Hon David Parker: What proportion of investment property sales pay tax as traders; is it closer to zero percent than 100 percent?

Hon BILL ENGLISH: I do not have that information to hand, but I can assure the member that the Inland Revenue Department is vigorously pursuing every investor who trades in property.

Jami-Lee Ross: What reports has the Minister received on the case for a new capital gains tax in New Zealand?

Hon BILL ENGLISH: I have received the report of a speech to the Wellington Property Investors Association in July 2005. It noted that the Government-appointed tax review in 2001 considered a new capital gains tax and concluded that the disadvantages of such a tax—its complexity and costs—outweighed the theoretical benefits, so it did not recommend such a tax. The speech also noted that the Government of the day agreed with that conclusion that the status quo was entirely adequate. The speech was delivered on behalf of the Minister of Finance Michael Cullen by his associate David Cunliffe. . . .

What’s changed since Cunliffe delivered that speech?

None of the facts, just the politics.


Purpose of schools is education

April 13, 2014

Phillipstown School took the government to court and won.

The lengthy process over whether or not it was to merge with neighbouring Woolston School had to be gone through again and the same concussion was reached.

It was in the best interests of the schools, and the taxpayers who fund them, to merge.

The principal hasn’t accepted that:

. . . Phillipstown School principal Tony Simpson said the school would be consulting lawyers over next steps.

The process had been flawed and stressful leaving him feeling “at times bullied”.

He said he not had a satisfactory response from the Ministry as to why the school was the one to close and looked forward to the release of an Ombudsman report into the schools’ reshuffle.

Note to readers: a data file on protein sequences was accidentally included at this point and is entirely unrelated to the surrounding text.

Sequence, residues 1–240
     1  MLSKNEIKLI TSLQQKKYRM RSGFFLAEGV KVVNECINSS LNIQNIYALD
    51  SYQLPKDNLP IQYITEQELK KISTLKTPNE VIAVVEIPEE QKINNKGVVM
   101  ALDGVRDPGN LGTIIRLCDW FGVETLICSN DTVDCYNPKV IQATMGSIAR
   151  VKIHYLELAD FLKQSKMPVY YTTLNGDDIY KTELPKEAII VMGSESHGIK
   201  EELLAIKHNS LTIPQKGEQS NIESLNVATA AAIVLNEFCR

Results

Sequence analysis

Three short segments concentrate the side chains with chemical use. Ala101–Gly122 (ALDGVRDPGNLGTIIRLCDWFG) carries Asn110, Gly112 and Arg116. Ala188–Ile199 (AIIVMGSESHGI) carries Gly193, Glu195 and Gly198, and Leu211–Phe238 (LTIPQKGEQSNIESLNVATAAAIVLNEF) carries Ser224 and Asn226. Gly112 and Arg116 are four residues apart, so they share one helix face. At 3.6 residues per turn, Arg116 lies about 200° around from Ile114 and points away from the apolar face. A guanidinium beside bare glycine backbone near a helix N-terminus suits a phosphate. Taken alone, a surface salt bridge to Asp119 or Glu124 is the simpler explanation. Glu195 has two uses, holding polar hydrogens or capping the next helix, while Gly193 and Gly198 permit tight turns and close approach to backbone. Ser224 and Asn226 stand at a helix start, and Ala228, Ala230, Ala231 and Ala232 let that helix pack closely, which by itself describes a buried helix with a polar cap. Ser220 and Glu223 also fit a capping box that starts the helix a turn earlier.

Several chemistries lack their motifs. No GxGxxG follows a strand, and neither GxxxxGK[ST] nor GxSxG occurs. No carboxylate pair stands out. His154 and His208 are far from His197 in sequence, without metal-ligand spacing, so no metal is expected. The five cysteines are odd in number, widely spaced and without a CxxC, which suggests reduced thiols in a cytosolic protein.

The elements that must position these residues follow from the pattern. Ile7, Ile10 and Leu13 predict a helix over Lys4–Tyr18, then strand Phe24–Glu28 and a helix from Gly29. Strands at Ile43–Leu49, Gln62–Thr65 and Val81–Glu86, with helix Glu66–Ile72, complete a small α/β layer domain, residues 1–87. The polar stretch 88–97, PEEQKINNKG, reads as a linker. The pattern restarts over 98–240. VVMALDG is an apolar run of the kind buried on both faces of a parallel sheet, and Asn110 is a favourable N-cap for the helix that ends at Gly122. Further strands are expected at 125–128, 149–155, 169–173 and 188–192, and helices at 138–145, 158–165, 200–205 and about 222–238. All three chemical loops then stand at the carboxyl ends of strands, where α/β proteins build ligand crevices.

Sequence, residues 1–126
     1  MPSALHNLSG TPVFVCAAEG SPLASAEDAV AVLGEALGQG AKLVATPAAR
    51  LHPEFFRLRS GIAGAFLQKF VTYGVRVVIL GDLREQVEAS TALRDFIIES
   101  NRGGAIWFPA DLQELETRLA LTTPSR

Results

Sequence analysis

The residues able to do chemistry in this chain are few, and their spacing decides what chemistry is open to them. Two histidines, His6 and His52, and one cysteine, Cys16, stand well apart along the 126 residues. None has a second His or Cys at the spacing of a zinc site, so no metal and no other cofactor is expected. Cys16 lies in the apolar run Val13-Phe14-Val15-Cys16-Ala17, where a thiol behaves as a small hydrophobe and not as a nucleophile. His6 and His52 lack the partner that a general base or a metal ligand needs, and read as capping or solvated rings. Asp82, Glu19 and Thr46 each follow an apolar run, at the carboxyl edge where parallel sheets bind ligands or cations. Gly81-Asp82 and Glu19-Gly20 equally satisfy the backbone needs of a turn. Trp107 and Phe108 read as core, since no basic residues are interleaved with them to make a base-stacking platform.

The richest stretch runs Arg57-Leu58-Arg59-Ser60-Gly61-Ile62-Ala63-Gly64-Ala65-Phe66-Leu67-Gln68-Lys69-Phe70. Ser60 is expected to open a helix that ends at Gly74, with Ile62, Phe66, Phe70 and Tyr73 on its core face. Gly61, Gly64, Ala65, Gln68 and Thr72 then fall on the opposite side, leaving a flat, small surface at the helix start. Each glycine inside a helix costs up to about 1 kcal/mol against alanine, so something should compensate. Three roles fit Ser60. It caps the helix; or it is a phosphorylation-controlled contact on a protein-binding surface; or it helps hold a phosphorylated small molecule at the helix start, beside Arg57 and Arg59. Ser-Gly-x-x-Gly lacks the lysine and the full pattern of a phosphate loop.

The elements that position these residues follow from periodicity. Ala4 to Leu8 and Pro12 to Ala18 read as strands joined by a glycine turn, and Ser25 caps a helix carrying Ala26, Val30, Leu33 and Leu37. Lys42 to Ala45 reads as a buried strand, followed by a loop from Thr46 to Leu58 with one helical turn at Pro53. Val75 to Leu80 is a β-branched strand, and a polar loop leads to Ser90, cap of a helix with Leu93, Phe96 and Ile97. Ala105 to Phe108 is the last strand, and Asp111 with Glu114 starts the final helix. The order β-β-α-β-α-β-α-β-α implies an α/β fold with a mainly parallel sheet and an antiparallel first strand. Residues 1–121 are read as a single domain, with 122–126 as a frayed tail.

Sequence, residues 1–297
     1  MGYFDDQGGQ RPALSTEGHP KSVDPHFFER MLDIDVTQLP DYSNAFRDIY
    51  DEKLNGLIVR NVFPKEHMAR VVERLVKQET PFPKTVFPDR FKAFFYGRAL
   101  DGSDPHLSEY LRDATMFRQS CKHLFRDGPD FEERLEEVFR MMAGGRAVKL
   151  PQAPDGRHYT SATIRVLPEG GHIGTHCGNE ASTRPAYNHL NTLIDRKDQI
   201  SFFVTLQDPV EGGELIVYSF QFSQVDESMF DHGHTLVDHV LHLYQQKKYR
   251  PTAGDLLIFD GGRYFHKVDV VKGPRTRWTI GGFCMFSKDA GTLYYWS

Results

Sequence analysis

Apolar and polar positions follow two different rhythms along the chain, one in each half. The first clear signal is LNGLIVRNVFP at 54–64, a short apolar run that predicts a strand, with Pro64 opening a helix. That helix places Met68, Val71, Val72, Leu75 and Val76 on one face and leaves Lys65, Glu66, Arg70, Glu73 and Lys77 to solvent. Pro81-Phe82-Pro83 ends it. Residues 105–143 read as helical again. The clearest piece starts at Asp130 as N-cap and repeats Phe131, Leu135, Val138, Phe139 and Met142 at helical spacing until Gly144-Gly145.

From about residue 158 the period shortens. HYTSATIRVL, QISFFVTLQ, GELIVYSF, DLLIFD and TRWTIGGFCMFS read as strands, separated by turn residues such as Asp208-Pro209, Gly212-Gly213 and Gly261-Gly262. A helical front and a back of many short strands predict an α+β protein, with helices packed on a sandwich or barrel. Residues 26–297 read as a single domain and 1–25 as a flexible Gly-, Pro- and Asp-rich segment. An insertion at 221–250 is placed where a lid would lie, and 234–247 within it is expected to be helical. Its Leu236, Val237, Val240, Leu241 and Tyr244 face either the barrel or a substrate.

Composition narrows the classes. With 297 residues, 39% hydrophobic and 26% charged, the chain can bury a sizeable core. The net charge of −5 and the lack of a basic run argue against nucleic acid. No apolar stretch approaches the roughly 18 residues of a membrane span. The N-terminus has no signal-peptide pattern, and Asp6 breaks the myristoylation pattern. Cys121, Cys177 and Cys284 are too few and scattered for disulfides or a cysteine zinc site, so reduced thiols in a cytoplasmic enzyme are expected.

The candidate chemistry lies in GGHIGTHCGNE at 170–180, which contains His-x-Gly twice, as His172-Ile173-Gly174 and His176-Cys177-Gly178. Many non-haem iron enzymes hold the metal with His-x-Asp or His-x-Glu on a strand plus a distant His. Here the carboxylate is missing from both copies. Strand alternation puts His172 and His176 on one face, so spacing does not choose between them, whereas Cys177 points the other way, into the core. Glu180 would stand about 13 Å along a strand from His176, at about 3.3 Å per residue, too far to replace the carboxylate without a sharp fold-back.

“The public of New Zealand have not been presented with all the facts.” .

The public have their own lives and concerns. If they have any about this it will be that what is in the best outcome for the children and the best use of public money.

With that in mind and without the emotion of those closely involved, the Ministry’s decision is right.

People closer to the action share that view.

The grapevine tells me that other schools in Christchurch have lost patience with Phillipstown and resent the money and energy the Ministry has to expend on this fight when it could be directed more positively elsewhere.

However, Simpson said his main priority was the children. “We’ve got to make sure the children are catered for.” . .

That won’t be achieved by more legal action and delaying tactics.

Board chairwoman Alicia Ward said the school was “not dead yet” and would fight to the death.

Without the school the community risked “fizzing and dying” she said. . .

Schools do form a hub for communities but that isn’t their purpose. It’s to educate children.

That will happen at the Woolston site where $11.8 million is to be spent on development and the community can be involved in that.